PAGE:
Financial Real Talk: Getting To Grips With Debt
Many of us have times in life where spending gets out of control, and we find ourselves in debt. There may be periods when you’re not earning as much as usual. Or you may have been living beyond your means for too long. Whatever your financial situation, it always pays to keep tabs on your accounts. If you’re in the red, the sooner you act, the better. If debt is getting you down, these tips may help.
Getting to grips with debt: facing up to reality
Are you an ostrich that buries its head in the sand? Do you spend without thinking about the consequences? Is it days, or even weeks, since you checked your balance? Do you ignore statements? If so, it’s time to tackle reality.
If you’re in debt, you need to get a sense of what’s going on in your accounts, and how much you owe. It’s not a pleasant task, and there may be unexpected surprises on the horizon. But you need to be realistic. Open those statements and check your balances online. Work out how much you owe in total. Write down a list of figures next to the names of people and companies you owe. Jot down interest rates next to those figures. This will enable you to establish the best order to pay back outstanding debts.
Working out a budget
If you’re in debt, it’s time to make changes. The first step you can take is drawing up a budget. Work out what you earn, and what you can save. This sum can be put towards paying back loans, credit cards or individuals you owe. For the next few months, paying off debts should be your priority. This may mean that you have to cut back on socializing, and buying non-essential items like more clothes.
Paying off urgent debts
Have you got final reminders flying through the mailbox? Are people calling you demanding money? If it’s got to this stage, you need to take urgent action. If you don’t pay outstanding bills after reminders, you may be liable for legal action. Your credit score will also be affected.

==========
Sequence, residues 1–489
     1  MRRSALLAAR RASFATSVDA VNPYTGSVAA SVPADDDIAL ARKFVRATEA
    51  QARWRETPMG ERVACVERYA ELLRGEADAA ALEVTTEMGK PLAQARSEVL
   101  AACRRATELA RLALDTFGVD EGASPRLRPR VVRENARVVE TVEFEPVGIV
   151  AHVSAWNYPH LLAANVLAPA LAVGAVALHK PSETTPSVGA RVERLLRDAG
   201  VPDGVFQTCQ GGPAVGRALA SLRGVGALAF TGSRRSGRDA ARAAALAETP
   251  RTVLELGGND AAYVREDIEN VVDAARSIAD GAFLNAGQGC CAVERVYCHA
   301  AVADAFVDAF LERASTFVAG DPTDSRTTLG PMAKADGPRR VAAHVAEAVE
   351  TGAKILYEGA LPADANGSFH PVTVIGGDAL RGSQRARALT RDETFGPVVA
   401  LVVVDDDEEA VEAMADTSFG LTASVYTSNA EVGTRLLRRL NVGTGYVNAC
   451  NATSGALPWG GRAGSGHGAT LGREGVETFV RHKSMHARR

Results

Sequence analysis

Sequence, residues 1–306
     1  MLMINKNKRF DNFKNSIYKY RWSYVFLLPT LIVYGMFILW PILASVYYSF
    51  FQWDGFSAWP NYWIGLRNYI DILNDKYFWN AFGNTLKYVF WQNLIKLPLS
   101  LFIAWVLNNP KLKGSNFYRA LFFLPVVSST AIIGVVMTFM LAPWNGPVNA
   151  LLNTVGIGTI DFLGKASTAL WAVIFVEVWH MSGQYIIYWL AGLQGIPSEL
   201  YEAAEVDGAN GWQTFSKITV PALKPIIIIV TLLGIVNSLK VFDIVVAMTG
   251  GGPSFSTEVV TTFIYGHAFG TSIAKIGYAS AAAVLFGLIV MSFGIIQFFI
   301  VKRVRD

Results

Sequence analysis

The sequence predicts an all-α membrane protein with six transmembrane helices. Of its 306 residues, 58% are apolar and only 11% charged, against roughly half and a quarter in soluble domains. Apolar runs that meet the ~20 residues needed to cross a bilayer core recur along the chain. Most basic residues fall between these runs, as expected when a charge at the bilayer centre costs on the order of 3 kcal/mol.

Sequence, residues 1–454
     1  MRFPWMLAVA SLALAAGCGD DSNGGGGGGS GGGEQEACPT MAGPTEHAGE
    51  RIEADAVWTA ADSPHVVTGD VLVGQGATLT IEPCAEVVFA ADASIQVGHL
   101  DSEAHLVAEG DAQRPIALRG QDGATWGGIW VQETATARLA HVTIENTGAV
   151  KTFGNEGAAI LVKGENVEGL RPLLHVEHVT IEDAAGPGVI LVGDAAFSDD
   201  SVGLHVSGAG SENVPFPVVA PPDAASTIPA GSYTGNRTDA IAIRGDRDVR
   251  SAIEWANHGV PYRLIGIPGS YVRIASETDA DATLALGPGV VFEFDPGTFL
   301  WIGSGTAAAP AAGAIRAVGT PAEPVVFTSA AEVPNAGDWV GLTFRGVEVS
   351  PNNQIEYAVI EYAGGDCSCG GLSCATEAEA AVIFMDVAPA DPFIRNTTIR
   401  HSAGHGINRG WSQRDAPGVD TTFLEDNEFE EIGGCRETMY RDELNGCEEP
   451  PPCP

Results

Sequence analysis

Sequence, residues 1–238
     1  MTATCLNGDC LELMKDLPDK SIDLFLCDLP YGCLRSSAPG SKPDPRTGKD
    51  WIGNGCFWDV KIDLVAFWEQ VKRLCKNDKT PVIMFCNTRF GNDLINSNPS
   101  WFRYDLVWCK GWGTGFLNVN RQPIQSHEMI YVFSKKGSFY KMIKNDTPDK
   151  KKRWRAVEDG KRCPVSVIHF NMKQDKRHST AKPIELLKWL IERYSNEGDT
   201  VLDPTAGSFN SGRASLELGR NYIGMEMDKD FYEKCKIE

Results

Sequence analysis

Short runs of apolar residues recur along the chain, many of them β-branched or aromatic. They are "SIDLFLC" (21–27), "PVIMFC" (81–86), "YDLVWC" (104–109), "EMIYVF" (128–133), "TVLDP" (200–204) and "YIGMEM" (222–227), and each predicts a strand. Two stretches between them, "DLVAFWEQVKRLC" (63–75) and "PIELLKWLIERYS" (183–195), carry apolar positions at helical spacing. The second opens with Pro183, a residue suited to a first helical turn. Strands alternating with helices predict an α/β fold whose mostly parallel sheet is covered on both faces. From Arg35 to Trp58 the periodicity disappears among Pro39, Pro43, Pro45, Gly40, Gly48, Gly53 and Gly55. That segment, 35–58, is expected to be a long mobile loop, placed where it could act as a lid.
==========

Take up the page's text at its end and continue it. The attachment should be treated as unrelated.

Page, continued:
There are various options you can consider if you find yourself in this scenario. If you have savings, you can use them to cover your debts. You may have been putting money aside for a house or car. But this is more important. If you don’t have enough money to cover the bills or mortgage payments, seek expert advice. See a financial adviser or visit pages like Reduce My Debts. It is sometimes possible to take out a debt consolidation loan. This is a loan, which is used to cover existing debts. It can be used to pay all kinds of debts, including credit and store cards and rent arrears. Once you’ve done this, you start paying back the loan. Effectively, you’ll still be in debt. But you won’t have anyone chasing you for money, and you’ll just have one repayment to make each month.
Another option is a debt settlement. This is a process, which can last up to four years. It enables you to pay back a portion of your debts to the companies you owe. This is a solution that is often recommended to people who have fallen into debt as a result of unexpected circumstances. For example, if you’ve been injured in an accident and had to give up work.
Planning for the future
Once you’ve dealt with debts, the last thing you want is to find yourself in a similar situation in the future. Start from scratch with a new budget, and a fresh approach to spending and saving. Try and set aside a sum each month, and keep an eye on your finances. Check your balance at least once a week, and make sure you know how much you’ve spent on credit and store cards. If you put something on a card that charges interest, try and clear it as soon as possible.
When it comes to your finances, it’s essential to be realistic. If you’re in trouble, the longer you bury your head in the sand, the worse the situation will get. Even small debts can spiral out of control, giving you anxiety and sleepless nights. Your credit score will also be affected by missing payments, which has implications for your future. Get to grips with debt, and keep track of your finances. There may be a rocky road ahead, but the sooner you get help, the better.
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